II

As higher I ascended so the hardest conquest came about in darkness, all my sight was dazzled:


yet since love was my prey from blind dark a leaper I flew on ever higher till I overtook the prey.

III

In this highest game, the further I ascended the humbler, more subdued more abased I became. ‘None attains it’, I did say. I sank down lower, lower, yet I rose higher, higher and so I took the prey.

IV

My one flight in strange manner surpassed a hundred thousand for the hope of highest heaven attains the end it hopes for: there hope alone did fly unfaltering in the height: hope, seeking in its flight,


I caught the prey on high.

Song of the Soul that Delights in Knowing God through Faith

How well I know that fountain’s rushing flow though it is night! I

That fount eternal is a hidden thing. How well I know where its waters spring, though it is night!

II

Its source I know not since it has none, and yet every source from it does come, though it is night.

III

I know that nothing is as beautiful, of it earth and heaven there drink full, though it is night.


IV

I know that it is endlessly deep, that none across those depths may leap, though it is night.

V

Its clarity will never be obscured, I know all light there has its source, though it is night.

VI

I know its streams so greatly swell it waters earth, and heaven, and hell, though it is night. VII

The flood that flows from out this spring, I know is full, and conquers everything, though it is night.


VIII

The flood that from these two proceeds I know that neither its deep flood exceeds, though it is night.

IX

And this eternal fountain is concealed, in the living bread our life to yield, though it is night.

X

Here it cries aloud to every creature, to drink of it, though dark its nature, for it is night.

XI

That living fount that I desire, within the bread of life, I now admire, though it is night.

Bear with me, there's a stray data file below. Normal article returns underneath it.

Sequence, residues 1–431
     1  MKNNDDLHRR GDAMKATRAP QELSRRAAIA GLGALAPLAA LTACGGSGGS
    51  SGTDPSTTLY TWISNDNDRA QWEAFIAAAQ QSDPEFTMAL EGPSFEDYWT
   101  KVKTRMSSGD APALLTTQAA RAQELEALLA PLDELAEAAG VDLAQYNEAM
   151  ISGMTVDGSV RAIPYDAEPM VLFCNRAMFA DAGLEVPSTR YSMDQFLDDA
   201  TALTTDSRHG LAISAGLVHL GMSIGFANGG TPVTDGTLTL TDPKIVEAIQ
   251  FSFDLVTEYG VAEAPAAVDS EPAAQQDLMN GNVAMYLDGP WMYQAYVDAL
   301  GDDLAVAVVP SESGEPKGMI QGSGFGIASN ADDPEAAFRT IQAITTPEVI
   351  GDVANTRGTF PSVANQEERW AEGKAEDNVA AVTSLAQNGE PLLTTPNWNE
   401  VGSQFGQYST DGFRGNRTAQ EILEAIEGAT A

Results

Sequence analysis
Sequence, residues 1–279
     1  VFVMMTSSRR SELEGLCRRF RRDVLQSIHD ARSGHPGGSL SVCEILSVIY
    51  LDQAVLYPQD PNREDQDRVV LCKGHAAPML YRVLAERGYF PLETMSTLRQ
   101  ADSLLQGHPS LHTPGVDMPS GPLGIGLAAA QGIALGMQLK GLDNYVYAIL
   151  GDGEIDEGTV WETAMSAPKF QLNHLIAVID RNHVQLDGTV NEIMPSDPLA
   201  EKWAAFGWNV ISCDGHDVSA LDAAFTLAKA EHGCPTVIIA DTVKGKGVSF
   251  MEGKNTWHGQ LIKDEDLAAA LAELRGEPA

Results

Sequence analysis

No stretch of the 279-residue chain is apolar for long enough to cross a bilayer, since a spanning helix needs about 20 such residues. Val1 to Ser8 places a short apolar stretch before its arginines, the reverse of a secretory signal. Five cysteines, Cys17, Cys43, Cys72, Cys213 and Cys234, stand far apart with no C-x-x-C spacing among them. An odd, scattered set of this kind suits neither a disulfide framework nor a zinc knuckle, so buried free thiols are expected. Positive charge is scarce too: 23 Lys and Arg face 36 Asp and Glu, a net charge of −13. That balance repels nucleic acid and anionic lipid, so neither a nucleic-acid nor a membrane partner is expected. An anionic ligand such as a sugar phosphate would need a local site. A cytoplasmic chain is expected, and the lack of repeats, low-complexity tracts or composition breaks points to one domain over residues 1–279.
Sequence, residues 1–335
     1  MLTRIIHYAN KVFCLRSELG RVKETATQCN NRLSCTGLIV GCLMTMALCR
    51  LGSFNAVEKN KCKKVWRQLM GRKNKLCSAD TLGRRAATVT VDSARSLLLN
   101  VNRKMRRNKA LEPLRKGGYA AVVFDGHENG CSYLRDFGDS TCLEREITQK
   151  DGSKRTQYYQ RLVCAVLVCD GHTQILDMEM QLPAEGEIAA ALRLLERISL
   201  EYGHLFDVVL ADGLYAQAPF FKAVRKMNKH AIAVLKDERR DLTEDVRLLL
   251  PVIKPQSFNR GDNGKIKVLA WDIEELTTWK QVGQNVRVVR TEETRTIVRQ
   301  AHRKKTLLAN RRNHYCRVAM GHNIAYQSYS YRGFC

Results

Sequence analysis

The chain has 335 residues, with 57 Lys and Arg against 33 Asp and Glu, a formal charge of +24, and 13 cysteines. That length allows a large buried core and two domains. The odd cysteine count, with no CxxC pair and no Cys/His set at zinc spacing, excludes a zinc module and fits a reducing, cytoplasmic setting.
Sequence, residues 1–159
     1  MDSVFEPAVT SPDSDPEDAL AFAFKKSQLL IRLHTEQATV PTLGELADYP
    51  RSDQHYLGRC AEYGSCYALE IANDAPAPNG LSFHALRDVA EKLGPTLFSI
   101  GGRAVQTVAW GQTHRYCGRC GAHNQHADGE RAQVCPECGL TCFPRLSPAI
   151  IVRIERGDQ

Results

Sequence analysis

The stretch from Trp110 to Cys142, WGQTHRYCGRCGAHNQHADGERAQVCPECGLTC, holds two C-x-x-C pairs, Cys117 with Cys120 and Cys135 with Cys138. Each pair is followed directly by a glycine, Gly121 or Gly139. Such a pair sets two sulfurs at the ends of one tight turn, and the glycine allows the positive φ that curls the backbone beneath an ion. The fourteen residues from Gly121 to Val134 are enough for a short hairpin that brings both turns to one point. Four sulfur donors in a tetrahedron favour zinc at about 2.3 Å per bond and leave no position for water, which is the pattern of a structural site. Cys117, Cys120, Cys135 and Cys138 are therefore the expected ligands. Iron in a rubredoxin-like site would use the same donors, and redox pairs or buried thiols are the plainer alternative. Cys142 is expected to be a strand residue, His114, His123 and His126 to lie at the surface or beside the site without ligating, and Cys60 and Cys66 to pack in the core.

A Gloss with Spiritual Meaning With no aid, yet with every aid, without light, in darkness truly, I see myself swallowed wholly.

I

My soul is now severed from each created thing, raised on its own wing to a life of joy forever, God alone succouring.

II

The thing I most value, from this it can be said, is that it sees itself, my soul, with no aid, yet with every aid.

III

Though darkness I endure


in this my mortal life yet that is no strife: though the light’s obscure I have celestial life: for love such existence, if blinder, grants more fully, the soul held in subservience without light, in darkness truly.

IV

Since I’ve known it, I confess, love has worked so within me whether all goes well or badly all’s touched with a single sweetness, transforming the soul inside me, and so in its joyous flames, those flames I feel within me, swiftly, so naught remains, I see myself swallowed wholly.

Verses of the Soul that Pines to See God

I live without life in me in such manner longing


that I’m dying of not dying.

I

In myself I no longer live without God I can live no longer himself, myself, having neither, what can it mean to live? A thousand deaths I believe, for my one true life longing and so dying of not dying.

II

Not life, but deprivation, is this life I am living, and so a continual dying, till meeting is our union. Hear me, my God, as one, for this now I have no liking, that I’m dying of not dying.

III

If I am absent from you


what life shall I know here except this death I suffer the bitterest known, it’s true? I have pity on myself too, since my fate is such, enduring, that I’m dying of not dying. IV